China struggling with environmental issuesA few months ago I wrote about how pollution was now the #1 cause of social unrest in China. Well, it's not that surprising considering the stream of news out of the country (f.ex. thousands of diseased dead pigs found in a river upstream from Shanghai). The latest scandal has to do with Guangzhou, a huge metropolis in the South of the country: Testing by government employees has found that nearly half the samples from the region's rice supply were contaminated by cadmium, an extremely toxic metal that can damage the kidneys, liver, and cause cancer.
This doesn't mean that literally half the rice in Guangzhou is deadly, but the incident is just one out of many (lead and arsenic are also often found in food), and the lack of transparency about health risks is eroding confidence in the authorities when it comes to environmental issues like this one.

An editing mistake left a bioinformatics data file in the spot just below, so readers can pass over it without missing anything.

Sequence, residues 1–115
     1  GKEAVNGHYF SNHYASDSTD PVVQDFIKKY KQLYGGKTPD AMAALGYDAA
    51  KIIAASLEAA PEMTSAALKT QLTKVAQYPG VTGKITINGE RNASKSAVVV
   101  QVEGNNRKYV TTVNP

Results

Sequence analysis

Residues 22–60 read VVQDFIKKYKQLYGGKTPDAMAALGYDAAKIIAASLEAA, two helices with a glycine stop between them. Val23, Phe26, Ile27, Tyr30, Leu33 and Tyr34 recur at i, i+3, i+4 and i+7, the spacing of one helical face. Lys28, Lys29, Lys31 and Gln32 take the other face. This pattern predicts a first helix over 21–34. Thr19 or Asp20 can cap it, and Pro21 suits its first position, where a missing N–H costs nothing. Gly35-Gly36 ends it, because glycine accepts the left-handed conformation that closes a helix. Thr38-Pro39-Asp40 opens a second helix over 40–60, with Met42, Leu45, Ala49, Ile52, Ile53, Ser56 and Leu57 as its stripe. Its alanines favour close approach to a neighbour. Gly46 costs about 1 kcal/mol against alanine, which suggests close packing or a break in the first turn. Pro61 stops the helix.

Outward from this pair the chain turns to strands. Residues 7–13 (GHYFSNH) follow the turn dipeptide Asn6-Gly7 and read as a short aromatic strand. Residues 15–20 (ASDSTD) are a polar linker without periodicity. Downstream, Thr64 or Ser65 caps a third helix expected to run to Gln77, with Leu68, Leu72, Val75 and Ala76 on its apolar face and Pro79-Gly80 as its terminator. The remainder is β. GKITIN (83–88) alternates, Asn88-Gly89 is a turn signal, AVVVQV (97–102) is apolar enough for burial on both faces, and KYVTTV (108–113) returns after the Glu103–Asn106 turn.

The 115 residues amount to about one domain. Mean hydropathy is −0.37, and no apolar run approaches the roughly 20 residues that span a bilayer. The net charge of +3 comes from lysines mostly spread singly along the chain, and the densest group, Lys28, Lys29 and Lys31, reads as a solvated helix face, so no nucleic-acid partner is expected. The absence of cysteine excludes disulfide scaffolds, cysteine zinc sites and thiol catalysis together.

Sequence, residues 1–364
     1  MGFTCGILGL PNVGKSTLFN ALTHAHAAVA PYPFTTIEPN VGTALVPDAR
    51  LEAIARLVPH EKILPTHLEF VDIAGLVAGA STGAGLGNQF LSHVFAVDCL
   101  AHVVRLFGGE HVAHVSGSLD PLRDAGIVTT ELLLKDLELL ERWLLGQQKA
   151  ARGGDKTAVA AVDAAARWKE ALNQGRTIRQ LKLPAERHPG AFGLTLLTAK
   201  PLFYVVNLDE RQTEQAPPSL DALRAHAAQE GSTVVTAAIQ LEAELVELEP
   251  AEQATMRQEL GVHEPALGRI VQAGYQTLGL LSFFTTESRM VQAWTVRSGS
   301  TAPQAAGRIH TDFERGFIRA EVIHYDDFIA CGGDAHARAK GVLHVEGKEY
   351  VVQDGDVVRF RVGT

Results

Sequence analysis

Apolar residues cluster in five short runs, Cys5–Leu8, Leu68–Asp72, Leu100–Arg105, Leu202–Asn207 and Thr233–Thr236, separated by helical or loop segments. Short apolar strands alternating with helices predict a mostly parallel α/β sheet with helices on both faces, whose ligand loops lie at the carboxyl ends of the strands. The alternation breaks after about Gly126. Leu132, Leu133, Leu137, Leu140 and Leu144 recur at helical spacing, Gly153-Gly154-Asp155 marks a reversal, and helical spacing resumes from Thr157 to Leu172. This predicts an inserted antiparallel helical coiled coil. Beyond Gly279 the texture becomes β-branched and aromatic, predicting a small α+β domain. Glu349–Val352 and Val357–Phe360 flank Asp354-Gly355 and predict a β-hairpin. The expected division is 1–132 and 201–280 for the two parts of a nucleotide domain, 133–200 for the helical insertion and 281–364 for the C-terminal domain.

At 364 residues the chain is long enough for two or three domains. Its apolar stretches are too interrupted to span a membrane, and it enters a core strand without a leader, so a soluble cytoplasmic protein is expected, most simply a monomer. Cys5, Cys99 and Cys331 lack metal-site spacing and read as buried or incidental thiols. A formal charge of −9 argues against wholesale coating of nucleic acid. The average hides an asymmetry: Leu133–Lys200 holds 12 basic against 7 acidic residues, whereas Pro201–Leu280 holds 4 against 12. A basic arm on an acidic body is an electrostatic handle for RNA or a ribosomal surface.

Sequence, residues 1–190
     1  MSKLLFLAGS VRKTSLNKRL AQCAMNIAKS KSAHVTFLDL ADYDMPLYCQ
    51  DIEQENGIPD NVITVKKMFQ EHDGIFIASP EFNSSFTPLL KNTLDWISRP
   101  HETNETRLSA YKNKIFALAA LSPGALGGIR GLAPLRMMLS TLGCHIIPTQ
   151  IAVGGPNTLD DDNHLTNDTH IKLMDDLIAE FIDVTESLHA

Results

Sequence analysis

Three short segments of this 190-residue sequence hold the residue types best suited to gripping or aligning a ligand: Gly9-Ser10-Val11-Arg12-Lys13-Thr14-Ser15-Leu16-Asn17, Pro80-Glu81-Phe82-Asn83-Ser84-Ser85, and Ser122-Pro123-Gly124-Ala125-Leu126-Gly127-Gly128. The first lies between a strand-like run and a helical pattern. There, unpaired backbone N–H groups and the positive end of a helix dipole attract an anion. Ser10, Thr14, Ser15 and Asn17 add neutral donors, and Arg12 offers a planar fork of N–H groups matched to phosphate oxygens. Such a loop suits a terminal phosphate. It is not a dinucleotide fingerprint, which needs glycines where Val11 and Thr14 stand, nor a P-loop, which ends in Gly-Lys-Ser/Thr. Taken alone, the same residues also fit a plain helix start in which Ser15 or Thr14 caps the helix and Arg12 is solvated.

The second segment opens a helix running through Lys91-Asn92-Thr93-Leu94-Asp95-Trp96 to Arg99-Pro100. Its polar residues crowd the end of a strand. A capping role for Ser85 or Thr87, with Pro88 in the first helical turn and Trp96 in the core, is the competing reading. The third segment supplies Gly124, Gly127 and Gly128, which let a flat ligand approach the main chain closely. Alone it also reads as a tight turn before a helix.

"First water, then the air we breathe, and now the earth. How can people still survive?" wrote one user on Sina Weibo, a popular Twitter-like microblogging service. "I suppose we can always move abroad or to outer space."
Hopefully all this anger and frustration will result into constructive changes. It's harder for it to influence policy directly in a non-democratic system, but it can still result in meaningful changes when it comes to protecting the water, air, and soil, if only because more social unrest is the last thing the leaders in China want.
What's the source of the contamination? The rice came from Hunan Province where factories and mines operate next to rice paddies. It's not a huge leap to think that industrial pollution is to blame.